Purpose: Firms increasingly diversify their technological competencies to achieve different strategic objectives. This study aims to explore the impacts of technological knowledge characteristics on patenting choices for inventions created by subsidiaries in an uncertain and fast changing environment. Design/methodology/approach: The data used in this study are patents granted to the world largest firms by the USPTO for inventions attributable to their subsidiaries in China between 1996 and 2005. In addition, the patent data from State Intellectual Property Office (SIPO) of China are used for the matching in terms of filing patent applications in both USA and China for a same piece of technology. A discrete Logit model is used to examine the effects of technological distance and categories on Chinese patent application and international priority. Findings: The findings suggest that firms have priority to seek international patent protection, instead of host country protection, for valuable subsidiary inventions in their background and marginal technological fields. In addition, a firm may seek host country legal protection simultaneously for inventions built upon knowledge from technologically distant fields. Research limitations/implications: As we are more interested in protecting technological knowledge, the protection of other types of knowledge, such as organizational knowledge, deserves further research attentions. Moreover, future research may expand current study by including small and medium firms, as well as firms in other developing economies. Practical implications: While the economic and legal environment in China may have evolved since studied period, the results have practical implications for firms in other developing countries that are at an early stage of catching-up or those in a host location featuring a similar uncertain and fast changing environment. In particular, the study suggests that foreign firm managers would have more strategic choices of patenting than local firms in the host country. For strategically important inventions bridging complex knowledge from different technological areas, firms could seek protection in multiple countries simultaneously, including both home country and other major markets. Furthermore, managers could choose whether or not to protect a particular category of technologies in host country depending on value of the technology to the firm and the IPR protection of host country. Finally, the approach of looking at knowledge-level characteristics, which can be easily measured through readily available intra-firm information, provides managers with a practical and useful tool to make these strategic decisions. Originality/value: This study represents an effort to extend the understanding on how foreign MNCs could generate and appropriate valuable technologies in an uncertain and fast-changing environment. In particular, the authors focus on how MNCs could use different international patenting patterns to benefit from subsidiary inventions. Whereas previous literature mainly focuses on country-level and firm-level determinants, this study approaches the topic through the lens of knowledge-level factors. By studying how knowledge characteristics determine firm strategic behaviors, the authors offer additional justifications of the knowledge-based view of the firm. Meanwhile, the findings enrich our understanding of an important component of MNC’s global strategies in managing their technologies through selectively patenting in different locations. Firms pursue diversified technologies for different strategic objectives. As subsidiary inventions become a very important source of firm competitiveness, MNCs have to face the trade-off between higher patenting costs and the appropriability of subsidiary generated knowledge. The findings suggest that it is not necessary for MNCs to protect all subsidiary inventions in host countries.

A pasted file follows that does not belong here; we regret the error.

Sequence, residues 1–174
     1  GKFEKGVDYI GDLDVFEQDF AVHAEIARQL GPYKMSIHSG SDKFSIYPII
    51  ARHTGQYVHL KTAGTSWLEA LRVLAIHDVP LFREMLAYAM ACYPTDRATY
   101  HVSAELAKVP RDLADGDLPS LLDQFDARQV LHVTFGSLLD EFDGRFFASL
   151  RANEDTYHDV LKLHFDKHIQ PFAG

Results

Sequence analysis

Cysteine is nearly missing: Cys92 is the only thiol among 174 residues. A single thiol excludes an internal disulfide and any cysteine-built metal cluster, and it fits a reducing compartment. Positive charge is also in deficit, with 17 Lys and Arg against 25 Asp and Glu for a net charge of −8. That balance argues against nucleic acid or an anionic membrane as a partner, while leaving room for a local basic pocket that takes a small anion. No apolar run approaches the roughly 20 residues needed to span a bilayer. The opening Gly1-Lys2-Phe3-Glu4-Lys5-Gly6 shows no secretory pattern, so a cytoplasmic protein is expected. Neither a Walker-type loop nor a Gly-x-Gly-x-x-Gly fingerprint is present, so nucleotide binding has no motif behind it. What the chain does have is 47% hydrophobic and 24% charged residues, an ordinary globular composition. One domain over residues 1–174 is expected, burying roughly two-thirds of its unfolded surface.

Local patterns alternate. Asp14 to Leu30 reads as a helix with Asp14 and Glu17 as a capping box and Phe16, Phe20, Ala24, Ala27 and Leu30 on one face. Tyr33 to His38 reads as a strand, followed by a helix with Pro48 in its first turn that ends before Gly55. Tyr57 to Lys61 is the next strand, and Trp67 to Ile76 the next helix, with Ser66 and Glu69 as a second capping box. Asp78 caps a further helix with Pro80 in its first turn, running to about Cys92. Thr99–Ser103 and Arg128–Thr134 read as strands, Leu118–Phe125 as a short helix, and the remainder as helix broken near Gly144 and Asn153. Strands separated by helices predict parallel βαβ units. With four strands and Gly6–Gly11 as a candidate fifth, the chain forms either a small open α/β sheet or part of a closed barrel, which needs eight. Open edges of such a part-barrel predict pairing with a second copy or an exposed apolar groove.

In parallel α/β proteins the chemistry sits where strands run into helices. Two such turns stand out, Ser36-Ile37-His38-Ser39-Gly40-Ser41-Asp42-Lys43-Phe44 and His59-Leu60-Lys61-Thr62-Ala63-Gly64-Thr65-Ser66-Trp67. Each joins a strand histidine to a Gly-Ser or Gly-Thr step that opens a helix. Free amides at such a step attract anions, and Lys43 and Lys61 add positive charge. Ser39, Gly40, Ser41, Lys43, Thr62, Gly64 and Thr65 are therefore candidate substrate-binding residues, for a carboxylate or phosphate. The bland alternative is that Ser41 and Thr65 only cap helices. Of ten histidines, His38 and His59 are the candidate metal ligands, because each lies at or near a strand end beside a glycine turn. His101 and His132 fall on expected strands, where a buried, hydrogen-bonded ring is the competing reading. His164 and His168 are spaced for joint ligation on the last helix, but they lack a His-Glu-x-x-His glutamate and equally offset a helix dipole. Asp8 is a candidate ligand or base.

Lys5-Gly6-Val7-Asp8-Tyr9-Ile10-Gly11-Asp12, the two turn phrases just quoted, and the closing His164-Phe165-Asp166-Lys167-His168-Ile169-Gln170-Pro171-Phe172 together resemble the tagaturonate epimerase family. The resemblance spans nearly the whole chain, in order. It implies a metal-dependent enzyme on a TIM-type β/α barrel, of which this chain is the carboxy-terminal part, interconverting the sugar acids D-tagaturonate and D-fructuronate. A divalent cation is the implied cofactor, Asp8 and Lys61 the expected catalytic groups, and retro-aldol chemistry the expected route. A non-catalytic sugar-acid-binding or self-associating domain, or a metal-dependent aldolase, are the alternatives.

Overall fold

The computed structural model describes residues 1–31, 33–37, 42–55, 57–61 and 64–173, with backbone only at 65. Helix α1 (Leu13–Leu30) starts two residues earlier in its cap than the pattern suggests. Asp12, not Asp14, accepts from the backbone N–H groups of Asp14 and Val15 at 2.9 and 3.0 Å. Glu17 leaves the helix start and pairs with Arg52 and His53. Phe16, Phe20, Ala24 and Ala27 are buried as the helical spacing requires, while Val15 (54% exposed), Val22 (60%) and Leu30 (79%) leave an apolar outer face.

All Science Journal Classification (ASJC) codes
- Business and International Management
- Economics, Econometrics and Finance(all)
- Strategy and Management